Alex Tuch, Golden Knights – LW/RW: Tuch took a big leap forward in his second full NHL campaign with 20 goals and 52 points in 74 contests. An upper-body injury kept him out until Oct. 31st though and he struggled to get going after that with a goal and an assist in his first 10 games. He seems to have shaken off the rust though with four goals and seven points in his last five contests. He’s a gamble to be sure, but he has the potential to be a fairly good contributor for the rest of the season.

Brandon Tanev, Penguins – LW/RW: The Penguins decision to sign Tanev to a six-year, $21 million contract over the summer drew some immediate critics, but so far it’s worked out well. He’s chipped in regularly offensively with six goals and 16 points in 30 games, which puts him on pace to comfortably surpass his previous career-high of 29 points in 80 contests. With eligibility for both wings, he’s a solid option for most teams in general and worthy of partial consideration right now because he’ll be going into Tuesday’s contest on a three-game point streak.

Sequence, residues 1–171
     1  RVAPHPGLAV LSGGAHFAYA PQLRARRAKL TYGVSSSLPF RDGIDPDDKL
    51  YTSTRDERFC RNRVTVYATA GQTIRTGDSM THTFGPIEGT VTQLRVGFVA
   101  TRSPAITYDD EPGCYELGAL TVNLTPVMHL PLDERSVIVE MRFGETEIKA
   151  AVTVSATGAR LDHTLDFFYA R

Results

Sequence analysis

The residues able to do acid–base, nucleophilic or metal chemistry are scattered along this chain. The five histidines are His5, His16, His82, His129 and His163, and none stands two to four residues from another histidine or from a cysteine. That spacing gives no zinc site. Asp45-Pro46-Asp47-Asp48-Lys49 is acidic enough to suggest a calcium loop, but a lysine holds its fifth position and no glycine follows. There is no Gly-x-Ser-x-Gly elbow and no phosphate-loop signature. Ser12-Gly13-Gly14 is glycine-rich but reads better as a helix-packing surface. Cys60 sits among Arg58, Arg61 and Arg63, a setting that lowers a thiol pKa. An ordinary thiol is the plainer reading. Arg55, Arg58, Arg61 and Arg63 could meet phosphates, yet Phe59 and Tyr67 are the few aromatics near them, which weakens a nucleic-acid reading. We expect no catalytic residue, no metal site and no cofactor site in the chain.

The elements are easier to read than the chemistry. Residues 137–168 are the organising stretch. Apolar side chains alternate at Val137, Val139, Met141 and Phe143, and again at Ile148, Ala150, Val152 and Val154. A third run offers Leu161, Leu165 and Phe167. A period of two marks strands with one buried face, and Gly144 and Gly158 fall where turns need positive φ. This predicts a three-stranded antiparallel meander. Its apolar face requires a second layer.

Phillip Danault, Canadiens – C: Danault set a career-high in 2018-19 with 53 points and he’s on pace to top it with seven goals and 23 points in 30 contests. He’s still only owned in 21% of Yahoo leagues though, which can be partially attributed to his center-only eligibility. Even with that limitation, he’s a pretty good pickup right now given how effective he’s been for the last little while. He has two goals and 13 points in his last 13 games and is on a three-game point streak.

[For more fantasy sports analysis, check out Rotoworld]